Proper planning key 

“We’ve always been big on knowing if we have a home for our product before we plant it,” Bailey said. “Never grow more than you can afford to lose. It’s gotten so expensive to grow these days with the risks in the market.”

Bailey’s wife, Debbie, manages the financial side of the business while Randy runs production and operations. Their 12-year-old son, Ryan, is becoming involved in the family operation. 

Bailey learned much about hard work and crop management from his father, who lost everything in a 1988 bankruptcy. In Thomas’s operation, he handled finances and operations while the two split duties in their partnership. 

The bankruptcy affected Randy Bailey deeply. “It made an impression that to do this business, you need to protect yourself from that (bankruptcy) as best you can,” he said. “That told me I needed to do things differently if I wanted to make it.”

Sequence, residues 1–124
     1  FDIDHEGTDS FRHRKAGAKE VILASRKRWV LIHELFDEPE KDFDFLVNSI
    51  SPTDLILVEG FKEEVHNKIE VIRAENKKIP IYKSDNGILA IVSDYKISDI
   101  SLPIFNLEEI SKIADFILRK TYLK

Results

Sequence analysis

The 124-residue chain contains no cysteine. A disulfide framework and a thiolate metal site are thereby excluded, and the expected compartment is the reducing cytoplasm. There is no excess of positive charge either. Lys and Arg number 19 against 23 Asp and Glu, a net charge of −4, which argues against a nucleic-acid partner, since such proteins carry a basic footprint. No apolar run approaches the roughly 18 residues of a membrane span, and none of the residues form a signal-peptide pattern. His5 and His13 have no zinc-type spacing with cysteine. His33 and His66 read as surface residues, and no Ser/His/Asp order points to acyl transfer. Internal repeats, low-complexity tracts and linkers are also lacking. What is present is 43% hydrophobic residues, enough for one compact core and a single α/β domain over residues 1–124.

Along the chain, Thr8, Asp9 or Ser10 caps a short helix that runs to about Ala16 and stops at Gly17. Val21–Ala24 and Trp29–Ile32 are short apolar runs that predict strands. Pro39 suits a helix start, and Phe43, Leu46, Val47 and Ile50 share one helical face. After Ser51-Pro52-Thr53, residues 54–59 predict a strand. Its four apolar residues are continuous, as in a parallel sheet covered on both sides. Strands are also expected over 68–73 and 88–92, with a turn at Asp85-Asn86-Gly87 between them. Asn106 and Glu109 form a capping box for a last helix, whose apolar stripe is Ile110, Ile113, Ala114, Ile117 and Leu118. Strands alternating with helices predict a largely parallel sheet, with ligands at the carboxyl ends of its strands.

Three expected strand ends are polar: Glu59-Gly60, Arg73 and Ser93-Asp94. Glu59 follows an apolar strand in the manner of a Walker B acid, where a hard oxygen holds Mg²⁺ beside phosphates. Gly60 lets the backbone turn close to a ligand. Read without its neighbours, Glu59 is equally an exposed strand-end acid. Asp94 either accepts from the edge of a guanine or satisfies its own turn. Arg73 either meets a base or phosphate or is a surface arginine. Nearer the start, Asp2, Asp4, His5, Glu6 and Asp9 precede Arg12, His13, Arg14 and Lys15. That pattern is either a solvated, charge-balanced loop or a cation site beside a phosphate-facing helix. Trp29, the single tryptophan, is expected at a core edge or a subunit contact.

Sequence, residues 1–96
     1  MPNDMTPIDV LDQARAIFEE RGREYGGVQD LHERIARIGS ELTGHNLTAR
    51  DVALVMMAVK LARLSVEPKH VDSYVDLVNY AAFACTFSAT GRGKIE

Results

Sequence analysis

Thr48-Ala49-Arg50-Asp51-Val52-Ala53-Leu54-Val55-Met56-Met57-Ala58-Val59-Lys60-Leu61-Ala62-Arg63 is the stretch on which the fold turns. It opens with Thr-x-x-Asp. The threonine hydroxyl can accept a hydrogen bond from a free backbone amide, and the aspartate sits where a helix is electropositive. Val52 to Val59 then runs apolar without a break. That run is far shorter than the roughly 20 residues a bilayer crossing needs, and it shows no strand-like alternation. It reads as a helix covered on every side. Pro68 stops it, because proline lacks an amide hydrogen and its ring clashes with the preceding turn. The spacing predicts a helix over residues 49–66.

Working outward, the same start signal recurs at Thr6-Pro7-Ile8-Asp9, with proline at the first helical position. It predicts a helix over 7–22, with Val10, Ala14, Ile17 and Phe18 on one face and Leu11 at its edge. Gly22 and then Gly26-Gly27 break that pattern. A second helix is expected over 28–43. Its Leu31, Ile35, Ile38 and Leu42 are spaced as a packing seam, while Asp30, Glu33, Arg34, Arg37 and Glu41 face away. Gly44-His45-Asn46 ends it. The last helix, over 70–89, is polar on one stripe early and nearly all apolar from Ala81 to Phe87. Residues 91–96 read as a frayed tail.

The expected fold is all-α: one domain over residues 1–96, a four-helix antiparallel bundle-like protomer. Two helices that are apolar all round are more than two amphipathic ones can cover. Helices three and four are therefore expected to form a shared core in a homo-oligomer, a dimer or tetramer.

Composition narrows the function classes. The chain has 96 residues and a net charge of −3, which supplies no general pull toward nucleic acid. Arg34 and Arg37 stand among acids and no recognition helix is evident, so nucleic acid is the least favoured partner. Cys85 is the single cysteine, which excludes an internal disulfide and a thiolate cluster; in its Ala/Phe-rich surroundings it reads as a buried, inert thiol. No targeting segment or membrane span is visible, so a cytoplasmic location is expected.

In 2002, Thomas Bailey died in a farm accident. Fumigating when laying plastic and mulch, a malfunctioning methyl bromide tank exploded when Thomas was standing over it. He was 66.

“He was not only my business partner and farmer, he was my best friend,” Randy Bailey said. “He had a profound effect on me. It made me determined to make sure this thing worked.”

Growing up on a farm, Bailey learned many life lessons.

“It teaches you the work ethic and that a hard day’s work isn’t a bad thing,” he said. “To be able to look back on what you’ve done and see the outcome is very rewarding.”

— Doug Ohlemeier, assistant editor

Top photo: Bailey Farms grows 17 varieties of specialty peppers in three states, including mini sweet peppers, shown here. PHOTOS: Bailey Farms

Middle photo: Debbie and Randy Bailey, of Bailey Farms, with their son Ryan. The family operation grows peppers in North Carolina, Georgia and Florida.

Bottom photo: A sampling of the varieties of specialty peppers grown by Bailey Farms.